This article appeared in the Sunday edition of The Chicago Tribune. I found this article fascinating because the #1 thing that artists typically donâ€™t know how to do well, and most often are not taught how to do really well, is market themselves to draw the right kind of paying audience. I find this article fascinating for this very reason and an interesting way to demonstrate this point; although the article was written for an entirely different reason.
Who you are, what you do and who you offer it to must be well identified. The difference between being recognized as a leader and in this case, a virtuoso, and being passed by like just another one of those â€œstreet musiciansâ€ lies not nearly as much in your talent as in how you position yourself to be recognized and appreciated. Are you playing to the right audiences? Do you know who will appreciate what you do really well; the most?
Position yourself and your â€œproductâ€ properly by putting your talents and offerings in front of the RIGHT audience that really will pay for them and who WANTS them; here lies the difference between success and miserable failure.
If a virtuoso plays during rush hour, does anyone hear?
A star violinist in a ball cap hits a subway station to see if he’s still a draw, or even can earn a few bucks
By Gene Weingarten
The Washington Post
Published April 8, 2007
WASHINGTON — He emerged from the Metro and positioned himself against a wall beside a trash basket. By most measures, he was nondescript: a youngish white man in jeans, a long-sleeved T-shirt and a Washington Nationals baseball cap. From a small case, he removed a violin. Placing the open case at his feet, he shrewdly threw in a few dollars and pocket change as seed money and began to play.
It was 7:51 a.m. on Friday, Jan. 12, the middle of the morning rush hour. In the next 43 minutes, as the violinist performed six classical pieces, 1,097 people passed by.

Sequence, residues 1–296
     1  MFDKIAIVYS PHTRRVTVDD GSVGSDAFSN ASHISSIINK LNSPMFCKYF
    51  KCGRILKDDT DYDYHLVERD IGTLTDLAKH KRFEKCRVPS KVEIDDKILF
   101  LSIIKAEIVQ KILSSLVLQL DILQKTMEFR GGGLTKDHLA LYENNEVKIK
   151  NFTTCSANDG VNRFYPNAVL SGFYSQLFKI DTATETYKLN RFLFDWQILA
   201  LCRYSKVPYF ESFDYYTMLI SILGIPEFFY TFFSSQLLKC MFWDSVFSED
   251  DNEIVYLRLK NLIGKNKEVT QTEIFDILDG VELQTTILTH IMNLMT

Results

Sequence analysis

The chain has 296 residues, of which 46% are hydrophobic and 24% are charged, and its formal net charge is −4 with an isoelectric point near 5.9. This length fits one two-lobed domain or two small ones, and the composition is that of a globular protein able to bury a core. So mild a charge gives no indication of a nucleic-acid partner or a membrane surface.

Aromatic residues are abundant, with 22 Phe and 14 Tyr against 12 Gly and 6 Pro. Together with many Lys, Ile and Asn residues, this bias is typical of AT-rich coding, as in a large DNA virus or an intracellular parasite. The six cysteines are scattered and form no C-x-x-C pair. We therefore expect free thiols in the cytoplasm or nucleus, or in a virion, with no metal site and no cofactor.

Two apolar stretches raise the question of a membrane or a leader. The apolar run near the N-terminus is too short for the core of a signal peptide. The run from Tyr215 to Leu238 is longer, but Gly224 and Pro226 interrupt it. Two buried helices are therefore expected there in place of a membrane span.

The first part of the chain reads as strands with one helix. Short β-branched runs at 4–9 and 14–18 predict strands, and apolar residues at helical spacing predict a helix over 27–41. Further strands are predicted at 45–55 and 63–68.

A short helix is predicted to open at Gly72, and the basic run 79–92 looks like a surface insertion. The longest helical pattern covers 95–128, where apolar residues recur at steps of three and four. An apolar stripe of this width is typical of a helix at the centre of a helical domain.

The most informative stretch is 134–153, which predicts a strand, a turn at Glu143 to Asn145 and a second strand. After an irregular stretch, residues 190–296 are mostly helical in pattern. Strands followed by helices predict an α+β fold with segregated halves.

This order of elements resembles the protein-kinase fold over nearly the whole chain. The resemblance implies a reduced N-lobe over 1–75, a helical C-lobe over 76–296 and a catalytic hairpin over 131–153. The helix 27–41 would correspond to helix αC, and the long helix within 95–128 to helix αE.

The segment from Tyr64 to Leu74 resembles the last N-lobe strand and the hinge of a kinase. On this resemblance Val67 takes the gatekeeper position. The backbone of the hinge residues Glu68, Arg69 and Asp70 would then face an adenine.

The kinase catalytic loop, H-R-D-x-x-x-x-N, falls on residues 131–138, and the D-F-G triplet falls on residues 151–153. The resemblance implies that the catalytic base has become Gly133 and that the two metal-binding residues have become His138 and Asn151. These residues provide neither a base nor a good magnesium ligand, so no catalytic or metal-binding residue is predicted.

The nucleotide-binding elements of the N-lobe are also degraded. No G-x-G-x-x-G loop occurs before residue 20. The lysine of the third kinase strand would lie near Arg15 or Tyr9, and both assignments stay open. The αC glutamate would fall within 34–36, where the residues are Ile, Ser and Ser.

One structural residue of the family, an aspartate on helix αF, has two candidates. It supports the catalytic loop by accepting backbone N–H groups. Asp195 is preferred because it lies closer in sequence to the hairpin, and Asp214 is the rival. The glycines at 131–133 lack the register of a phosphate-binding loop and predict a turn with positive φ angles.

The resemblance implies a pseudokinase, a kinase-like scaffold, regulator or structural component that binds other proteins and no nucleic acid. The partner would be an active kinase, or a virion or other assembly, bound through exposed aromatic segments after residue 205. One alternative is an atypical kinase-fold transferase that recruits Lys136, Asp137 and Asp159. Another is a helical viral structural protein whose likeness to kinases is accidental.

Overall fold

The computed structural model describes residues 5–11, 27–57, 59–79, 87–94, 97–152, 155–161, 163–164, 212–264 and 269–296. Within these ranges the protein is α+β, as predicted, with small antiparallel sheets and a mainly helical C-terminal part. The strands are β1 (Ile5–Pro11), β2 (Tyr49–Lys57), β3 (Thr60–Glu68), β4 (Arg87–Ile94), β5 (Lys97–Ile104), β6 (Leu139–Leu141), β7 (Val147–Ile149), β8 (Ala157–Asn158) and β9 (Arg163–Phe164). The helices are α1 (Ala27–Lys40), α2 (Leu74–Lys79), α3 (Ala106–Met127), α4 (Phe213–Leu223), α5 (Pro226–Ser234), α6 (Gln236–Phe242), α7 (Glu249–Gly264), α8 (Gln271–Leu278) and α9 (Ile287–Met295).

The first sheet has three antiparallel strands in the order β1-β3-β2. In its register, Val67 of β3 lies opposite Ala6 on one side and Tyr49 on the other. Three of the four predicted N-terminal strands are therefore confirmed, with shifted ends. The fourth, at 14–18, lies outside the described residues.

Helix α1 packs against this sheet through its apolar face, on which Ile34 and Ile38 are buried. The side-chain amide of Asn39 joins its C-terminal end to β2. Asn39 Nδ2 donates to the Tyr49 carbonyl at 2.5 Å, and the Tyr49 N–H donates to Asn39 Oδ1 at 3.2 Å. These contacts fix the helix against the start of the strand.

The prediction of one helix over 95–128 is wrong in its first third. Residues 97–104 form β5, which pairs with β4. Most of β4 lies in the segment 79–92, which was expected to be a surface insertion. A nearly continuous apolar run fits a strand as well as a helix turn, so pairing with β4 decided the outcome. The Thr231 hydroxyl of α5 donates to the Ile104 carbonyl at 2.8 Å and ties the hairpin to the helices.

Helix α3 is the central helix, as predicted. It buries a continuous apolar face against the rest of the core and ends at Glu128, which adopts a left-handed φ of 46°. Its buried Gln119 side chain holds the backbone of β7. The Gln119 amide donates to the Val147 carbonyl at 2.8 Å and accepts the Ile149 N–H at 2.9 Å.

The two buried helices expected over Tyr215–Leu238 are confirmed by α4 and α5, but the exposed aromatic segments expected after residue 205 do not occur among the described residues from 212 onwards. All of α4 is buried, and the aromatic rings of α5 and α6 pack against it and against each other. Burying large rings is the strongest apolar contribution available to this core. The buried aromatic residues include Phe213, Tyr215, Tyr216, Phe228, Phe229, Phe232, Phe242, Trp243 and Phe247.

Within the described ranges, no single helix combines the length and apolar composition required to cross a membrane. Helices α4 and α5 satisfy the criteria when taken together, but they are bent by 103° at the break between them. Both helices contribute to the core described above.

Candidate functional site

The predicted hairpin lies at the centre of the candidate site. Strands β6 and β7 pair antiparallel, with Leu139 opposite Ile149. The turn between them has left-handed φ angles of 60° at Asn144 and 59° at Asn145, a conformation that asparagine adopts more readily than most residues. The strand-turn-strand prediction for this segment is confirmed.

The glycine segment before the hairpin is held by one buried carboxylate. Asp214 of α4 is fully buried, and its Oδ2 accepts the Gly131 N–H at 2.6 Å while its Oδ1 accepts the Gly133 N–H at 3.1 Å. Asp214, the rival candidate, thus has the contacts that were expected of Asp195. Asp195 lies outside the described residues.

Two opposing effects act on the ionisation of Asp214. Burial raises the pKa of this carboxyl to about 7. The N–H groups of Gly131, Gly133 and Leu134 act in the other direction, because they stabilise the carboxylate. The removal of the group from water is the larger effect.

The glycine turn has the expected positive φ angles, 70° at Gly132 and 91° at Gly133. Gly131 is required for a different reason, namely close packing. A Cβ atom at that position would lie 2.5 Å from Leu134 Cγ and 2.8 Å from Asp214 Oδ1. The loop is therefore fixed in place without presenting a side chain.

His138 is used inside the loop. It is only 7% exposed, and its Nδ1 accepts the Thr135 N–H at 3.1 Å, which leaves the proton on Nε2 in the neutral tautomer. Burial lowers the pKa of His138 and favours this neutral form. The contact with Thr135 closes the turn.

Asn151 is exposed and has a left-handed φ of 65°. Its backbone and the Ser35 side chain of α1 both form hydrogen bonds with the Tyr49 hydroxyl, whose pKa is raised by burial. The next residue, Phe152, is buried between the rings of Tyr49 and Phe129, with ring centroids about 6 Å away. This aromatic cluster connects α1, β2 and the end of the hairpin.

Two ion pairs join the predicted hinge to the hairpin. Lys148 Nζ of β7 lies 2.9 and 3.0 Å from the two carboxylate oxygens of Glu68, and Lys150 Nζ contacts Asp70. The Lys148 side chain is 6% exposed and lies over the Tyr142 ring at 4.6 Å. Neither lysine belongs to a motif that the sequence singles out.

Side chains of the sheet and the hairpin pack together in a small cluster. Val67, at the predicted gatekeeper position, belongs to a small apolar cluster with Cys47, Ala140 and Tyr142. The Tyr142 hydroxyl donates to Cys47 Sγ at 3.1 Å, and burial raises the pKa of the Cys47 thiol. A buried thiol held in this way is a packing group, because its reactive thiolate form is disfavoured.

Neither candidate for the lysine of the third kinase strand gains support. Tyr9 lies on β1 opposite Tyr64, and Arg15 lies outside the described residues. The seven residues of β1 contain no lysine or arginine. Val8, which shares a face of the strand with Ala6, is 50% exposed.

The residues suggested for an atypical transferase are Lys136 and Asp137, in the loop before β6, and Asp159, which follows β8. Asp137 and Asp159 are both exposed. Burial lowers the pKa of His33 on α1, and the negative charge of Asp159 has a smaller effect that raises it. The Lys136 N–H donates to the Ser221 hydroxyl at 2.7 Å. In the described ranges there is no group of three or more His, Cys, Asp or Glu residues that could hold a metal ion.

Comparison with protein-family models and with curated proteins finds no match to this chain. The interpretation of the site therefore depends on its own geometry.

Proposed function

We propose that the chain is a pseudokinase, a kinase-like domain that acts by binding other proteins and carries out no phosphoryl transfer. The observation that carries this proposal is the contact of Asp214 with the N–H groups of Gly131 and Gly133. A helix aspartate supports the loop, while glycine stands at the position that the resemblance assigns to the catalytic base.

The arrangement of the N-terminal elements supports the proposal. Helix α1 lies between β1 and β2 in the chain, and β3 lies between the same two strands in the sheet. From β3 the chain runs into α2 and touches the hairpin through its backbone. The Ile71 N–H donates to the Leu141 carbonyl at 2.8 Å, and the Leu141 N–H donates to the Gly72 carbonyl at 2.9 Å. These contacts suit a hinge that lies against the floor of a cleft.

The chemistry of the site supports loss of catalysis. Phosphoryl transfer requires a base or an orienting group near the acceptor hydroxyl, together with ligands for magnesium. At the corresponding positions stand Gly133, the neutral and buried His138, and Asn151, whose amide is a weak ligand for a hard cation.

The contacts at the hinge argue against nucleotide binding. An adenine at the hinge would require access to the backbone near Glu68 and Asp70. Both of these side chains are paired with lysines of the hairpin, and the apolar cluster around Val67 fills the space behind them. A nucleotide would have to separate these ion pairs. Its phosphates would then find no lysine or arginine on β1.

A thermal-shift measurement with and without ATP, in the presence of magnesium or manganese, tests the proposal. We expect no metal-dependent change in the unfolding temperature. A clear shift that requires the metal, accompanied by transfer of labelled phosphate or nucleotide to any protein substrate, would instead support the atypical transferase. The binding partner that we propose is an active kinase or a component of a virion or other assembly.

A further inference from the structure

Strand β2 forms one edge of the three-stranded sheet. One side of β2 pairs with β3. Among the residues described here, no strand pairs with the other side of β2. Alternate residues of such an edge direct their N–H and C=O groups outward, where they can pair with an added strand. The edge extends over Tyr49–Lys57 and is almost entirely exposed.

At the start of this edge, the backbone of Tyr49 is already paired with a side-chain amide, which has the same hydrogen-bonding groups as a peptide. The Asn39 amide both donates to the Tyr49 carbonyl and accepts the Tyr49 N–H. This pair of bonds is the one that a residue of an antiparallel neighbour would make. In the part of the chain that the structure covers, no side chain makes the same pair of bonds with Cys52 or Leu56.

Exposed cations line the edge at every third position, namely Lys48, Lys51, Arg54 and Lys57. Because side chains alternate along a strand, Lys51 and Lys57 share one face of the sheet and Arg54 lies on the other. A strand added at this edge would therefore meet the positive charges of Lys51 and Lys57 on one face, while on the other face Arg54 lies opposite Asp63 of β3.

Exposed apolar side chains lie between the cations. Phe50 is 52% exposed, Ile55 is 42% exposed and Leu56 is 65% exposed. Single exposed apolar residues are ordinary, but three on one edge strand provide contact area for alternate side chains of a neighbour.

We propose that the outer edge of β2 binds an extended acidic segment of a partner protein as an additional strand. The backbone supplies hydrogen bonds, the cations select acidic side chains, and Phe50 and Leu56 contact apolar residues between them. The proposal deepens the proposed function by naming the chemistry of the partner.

Each passerby had a quick choice to make, one familiar to commuters in any urban area where the occasional street performer is part of the cityscape: Do you stop and listen? Do you hurry past with a blend of guilt and irritation, aware of your cupidity but annoyed by the unbidden demand on your time and your wallet? Do you throw in a buck, just to be polite?
On that Friday, those private questions would be answered in an unusually public way. No one knew it, but the fiddler standing against a bare wall outside the Metro in an indoor arcade at the top of the escalators was one of the finest classical musicians in the world, playing some of the most elegant music ever written on one of the most valuable violins ever made. His performance was arranged by The Washington Post as an experiment in context, perception and priorities — as well as an unblinking assessment of public taste: In a banal setting at an inconvenient time, would beauty transcend?
The musician did not play popular tunes whose familiarity alone might have drawn interest. That was not the test. These were masterpieces that have endured for centuries on their brilliance alone, soaring music befitting the grandeur of cathedrals and concert halls.
So, what do you think happened?
Leonard Slatkin, music director of the National Symphony Orchestra, was asked the same question.
“Let’s assume,” Slatkin said, “that he is not recognized and just taken for granted as a street musician. . . . Still, I don’t think that if he’s really good, he’s going to go unnoticed. He’d get a larger audience in Europe . . . but, OK, out of 1,000 people, my guess is there might be 35 or 40 who will recognize the quality for what it is. Maybe 75 to 100 will stop and spend some time listening.”
So, a crowd would gather?
And how much will he make?
“How’d I do?”
We’ll tell you in a minute.
“Well, who was the musician?”
A onetime child prodigy, at 39 Joshua Bell has arrived as an internationally acclaimed virtuoso. Three days before he appeared at the Metro station, Bell had filled the house at Boston’s stately Symphony Hall, where merely pretty good seats went for $100.
But in the three-quarters of an hour that Bell played, seven people stopped to take in the performance. Twenty-seven gave money for a total of $32 and change. No, Mr. Slatkin, there was never a crowd, not even for a second.